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California Law Enforcement Strikes Out in 2020 Elections

Historically, law enforcement unions have been a powerful lobbying force for certain political candidates and criminal justice bill proposals that support their ideals. They donate millions to campaign coffers and pay for advertising praising their candidates and criticizing the opposition.

Opponents to this practice contend that it gives police unions too much influence with public officials. It gives incentive to ignore possible abuses by police, not to mention these funds could better serve communities if spent on more quality training or supporting services guiding law enforcement in more acceptable performance practices.

California law enforcement agencies invested over $87 million in local and state elections over the past two decades, $65 million in the Los Angeles metro area alone. As a result of this spending, Republican Jackey Lacey has held the Los Angeles County District Attorney’s Office for the past eight years.

During Lacey’s tenure, no fewer than 250 fatal shootings by on-duty law enforcement personnel have come across her desk for review. Of those 250 shootings, Lacey saw sufficient evidence to charge only a single individual. Even the direct request of Los Angeles Police Department chief Charlie Beck for charges against policeman Clifford Proctor for the 2015 shooting of unarmed, homeless Black man Brendon Glenn was not enough to move Lacey to prosecute.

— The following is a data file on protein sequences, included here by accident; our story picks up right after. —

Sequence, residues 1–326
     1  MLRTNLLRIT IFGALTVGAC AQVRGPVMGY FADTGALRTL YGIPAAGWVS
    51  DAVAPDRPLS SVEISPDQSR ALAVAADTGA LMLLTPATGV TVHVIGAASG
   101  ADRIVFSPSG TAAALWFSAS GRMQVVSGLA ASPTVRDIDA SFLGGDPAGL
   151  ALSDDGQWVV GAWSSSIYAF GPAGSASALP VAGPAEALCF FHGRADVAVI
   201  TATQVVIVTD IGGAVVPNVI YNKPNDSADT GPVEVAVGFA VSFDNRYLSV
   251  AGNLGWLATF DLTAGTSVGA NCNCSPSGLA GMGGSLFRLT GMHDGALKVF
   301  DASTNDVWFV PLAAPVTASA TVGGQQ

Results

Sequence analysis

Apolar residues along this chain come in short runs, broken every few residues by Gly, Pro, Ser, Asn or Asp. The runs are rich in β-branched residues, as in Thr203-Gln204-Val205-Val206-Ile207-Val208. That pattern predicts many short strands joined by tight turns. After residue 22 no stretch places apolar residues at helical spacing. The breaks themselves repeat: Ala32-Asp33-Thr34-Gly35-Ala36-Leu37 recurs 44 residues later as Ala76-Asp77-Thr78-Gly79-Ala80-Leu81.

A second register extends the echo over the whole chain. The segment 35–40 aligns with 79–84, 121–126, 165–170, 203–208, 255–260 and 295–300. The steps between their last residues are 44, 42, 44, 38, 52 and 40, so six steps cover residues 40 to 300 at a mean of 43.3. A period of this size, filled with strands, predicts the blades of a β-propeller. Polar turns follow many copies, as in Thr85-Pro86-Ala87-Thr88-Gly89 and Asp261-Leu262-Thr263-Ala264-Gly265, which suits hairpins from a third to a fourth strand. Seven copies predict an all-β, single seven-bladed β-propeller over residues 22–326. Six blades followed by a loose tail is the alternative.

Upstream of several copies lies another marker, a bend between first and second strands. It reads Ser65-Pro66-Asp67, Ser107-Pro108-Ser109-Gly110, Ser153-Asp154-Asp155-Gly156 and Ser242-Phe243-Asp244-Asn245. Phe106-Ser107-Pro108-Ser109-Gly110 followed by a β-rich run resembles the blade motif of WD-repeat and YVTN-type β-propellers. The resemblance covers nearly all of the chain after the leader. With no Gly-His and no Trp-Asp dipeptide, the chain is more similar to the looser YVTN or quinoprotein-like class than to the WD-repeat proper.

Research has shown that on-the-job police shootings have increased with the rise of police unions. Opponents say prosecutors are reluctant to press charges against those that add so much to their campaign budgets. But now a movement has started that is calling for a state bar ethics rule that prohibits candidates from using police union money in their campaigns. A Los Angeles Times editorial stated: “An elected official considering whether to prosecute officers should not be, in essence, on the political payroll of the agency defending the very same people.”

California reform advocates say George Floyd’s killing has brought public awareness to this condition as can be seen from the 2020 elections. George Gascon (a proponent for banning police union campaign contributions) ousted Lacey for Los Angeles County District Attorney. Proposition 20, which law enforcement lobbied for to reclassify certain misdemeanor theft offenses to felonies and reduce the availability of parole, was rejected. And San Francisco’s Propositions E and J passed, eliminating the minimum police staffing requirements and reallocating hundreds of millions of dollars for non-police community investments, respectively.

These propositions were important to law enforcement agencies to help solidify their appearance of authority and increase their power base. Reform advocates say this sends a message to police unions that financing public officials so they might turn a blind eye to their failures will no longer be acceptable. 


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